Remember this is a repost from 3/3/08

The road to remission from CRPS/RSD.

As many of you will know I am now in remission from Complex Regional Pain Syndrome. Over several years I've used non drug ways to deal with pain and symptoms.

The most significant discovery for me was mirror visual imagery or mirror therapy. I used this to treat single sided pain and flair up of pain and symptoms. It really works. It not only eases and finally stops pain but it also stops other symptoms such as muscle spasm, improving temperature and sweating problems etc. I was able to regain strength and balance and able to do more physical therapy for longer periods. Mirror therapy paved the way for my recovery.

Other things helped calm the sympathetic nervous system. Please refer to my recently posted list, things such as mindfulness meditation and controlled breathing.

However I had whole body CRPS which involved general disturbance of the autonomic nervous system. So I was dealing on a daily basis with pain and the usual CRPS symptoms of temperature changes, hypersensitivity, muscle spasms etc, and I was also experiencing significant cardiac symptoms of atrial fibrillation, crushing chest pain with any exertion, very labile BP with occasional loss of consciousness. Although mirror therapy made a remarkable difference and provided me with the tools to help myself each time I had a major flair, I still had dysautonomia and pain and symptoms to some degree every day. In other words, even though it was a huge help it did not provide remission from CRPS/RSD.

In November 2007 I had my first ever treatment with Yamamoto New Scalp Acupuncture. I am in remission now and have been for three months due to treatment. My next post is a repost of my first experience with YNSA.

Wednesday, September 23, 2009

Oxygen derived free radicals are possibly the mediators of mechanisms leading to some of the neurological symptoms of CRPS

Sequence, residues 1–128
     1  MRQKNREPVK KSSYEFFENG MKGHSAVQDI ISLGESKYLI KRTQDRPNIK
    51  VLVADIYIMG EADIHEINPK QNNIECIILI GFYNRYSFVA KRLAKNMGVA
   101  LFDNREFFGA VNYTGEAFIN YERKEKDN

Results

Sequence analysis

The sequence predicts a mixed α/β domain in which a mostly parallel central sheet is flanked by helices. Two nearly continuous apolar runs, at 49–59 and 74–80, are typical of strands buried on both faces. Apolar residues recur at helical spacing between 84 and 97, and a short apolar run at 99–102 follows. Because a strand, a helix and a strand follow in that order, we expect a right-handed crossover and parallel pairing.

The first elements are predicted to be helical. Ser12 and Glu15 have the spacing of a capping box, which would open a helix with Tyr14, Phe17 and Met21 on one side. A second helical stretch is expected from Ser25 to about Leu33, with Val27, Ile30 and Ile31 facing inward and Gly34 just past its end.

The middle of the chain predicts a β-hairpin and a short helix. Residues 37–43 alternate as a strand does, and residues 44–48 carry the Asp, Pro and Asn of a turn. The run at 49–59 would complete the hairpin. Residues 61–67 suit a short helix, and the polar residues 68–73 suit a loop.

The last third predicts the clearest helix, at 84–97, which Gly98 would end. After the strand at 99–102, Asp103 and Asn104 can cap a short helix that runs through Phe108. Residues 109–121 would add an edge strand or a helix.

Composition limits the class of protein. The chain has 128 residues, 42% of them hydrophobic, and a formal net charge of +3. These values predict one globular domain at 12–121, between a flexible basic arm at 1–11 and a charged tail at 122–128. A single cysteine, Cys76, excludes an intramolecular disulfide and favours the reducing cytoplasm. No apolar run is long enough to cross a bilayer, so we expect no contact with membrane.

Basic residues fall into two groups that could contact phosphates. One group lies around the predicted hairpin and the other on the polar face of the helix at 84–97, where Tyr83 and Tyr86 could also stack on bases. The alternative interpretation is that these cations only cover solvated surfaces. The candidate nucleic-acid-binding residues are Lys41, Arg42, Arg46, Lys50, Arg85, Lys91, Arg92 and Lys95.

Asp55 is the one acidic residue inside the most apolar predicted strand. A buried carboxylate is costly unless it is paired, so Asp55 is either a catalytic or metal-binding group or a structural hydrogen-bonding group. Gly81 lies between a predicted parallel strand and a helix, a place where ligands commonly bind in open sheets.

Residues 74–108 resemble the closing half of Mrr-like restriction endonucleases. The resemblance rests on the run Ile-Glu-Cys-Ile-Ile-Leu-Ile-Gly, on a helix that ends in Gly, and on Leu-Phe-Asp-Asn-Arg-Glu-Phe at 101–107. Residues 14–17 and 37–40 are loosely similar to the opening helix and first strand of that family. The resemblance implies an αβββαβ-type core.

First suggested by Sudeck in 1942, Dutch researchers' studies supported the theory that oxygen derived free radicals are possibly the mediators of mechanisms leading to some of the neurological symptoms of CRPS. They found
  • high oxygen supply with tissue hypoxia in CRPS extremities;
  • a diminished oxygen availability to the skeletal muscle tissue affected by chronic CRPS;
  • and several deficiencies in the skeletal muscles of CRPS sufferers
Studies in Holland have centered around free radical scavengers as treatment for CRPS. There are many ongoing studies with DMSO, NAC in Holland.

This is supported by research in Israel serum and salivary oxidative analysis in complex regional pain syndrome.

Free radicals are atoms or groups of atoms with an odd number of electrons and can be formed when oxygen interacts with certain molecules. Once formed these highly reactive radicals can start a chain reaction. Their chief danger comes from the damage they can do when they react with important cellular components such as DNA, or the cell membrane. To prevent free radical damage the body has a defense system of antioxidants.

Antioxidants are molecules which can safely interact with free radicals and terminate the chain reaction before vital molecules are damaged. Although there are several enzyme systems within the body that scavenge free radicals, the principle micronutrient (vitamin) antioxidants are vitamin E, beta-carotene, and vitamin C. Additionally, selenium, a trace metal that is required for proper function of one of the body's antioxidant enzyme systems, is sometimes included in this category. The body cannot manufacture these micronutrients so they must be supplied in the diet.

Vitamin E : nuts, seeds, vegetable and fish oils, whole grains (esp. wheat germ), fortified cereals, and apricots.

Vitamin C : Ascorbic acid is a water soluble vitamin present in citrus fruits and juices, green peppers, cabbage, spinach, broccoli, kale, cantaloupe, kiwi, and strawberries.